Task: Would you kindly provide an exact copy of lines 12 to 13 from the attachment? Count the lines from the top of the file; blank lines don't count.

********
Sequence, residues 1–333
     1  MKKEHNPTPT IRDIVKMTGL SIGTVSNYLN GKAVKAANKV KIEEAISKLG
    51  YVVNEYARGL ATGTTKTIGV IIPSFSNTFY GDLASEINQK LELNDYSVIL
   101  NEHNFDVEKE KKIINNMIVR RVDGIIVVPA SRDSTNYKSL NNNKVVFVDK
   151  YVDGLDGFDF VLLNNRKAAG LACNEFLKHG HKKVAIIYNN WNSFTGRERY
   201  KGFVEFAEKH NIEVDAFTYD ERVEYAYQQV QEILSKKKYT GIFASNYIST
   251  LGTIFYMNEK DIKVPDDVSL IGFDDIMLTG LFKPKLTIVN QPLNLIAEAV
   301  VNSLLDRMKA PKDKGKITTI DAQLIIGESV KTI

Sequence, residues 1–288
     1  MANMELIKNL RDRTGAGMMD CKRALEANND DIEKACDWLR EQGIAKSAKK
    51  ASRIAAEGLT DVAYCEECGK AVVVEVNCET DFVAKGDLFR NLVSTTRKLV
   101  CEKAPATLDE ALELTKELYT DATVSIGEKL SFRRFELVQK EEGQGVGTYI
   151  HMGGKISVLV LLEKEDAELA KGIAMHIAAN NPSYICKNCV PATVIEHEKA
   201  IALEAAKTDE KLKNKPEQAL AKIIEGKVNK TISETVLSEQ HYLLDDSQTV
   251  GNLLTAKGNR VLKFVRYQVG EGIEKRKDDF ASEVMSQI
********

   101  CEKAPATLDE ALELTKELYT DATVSIGEKL SFRRFELVQK EEGQGVGTYI
   151  HMGGKISVLV LLEKEDAELA KGIAMHIAAN NPSYICKNCV PATVIEHEKA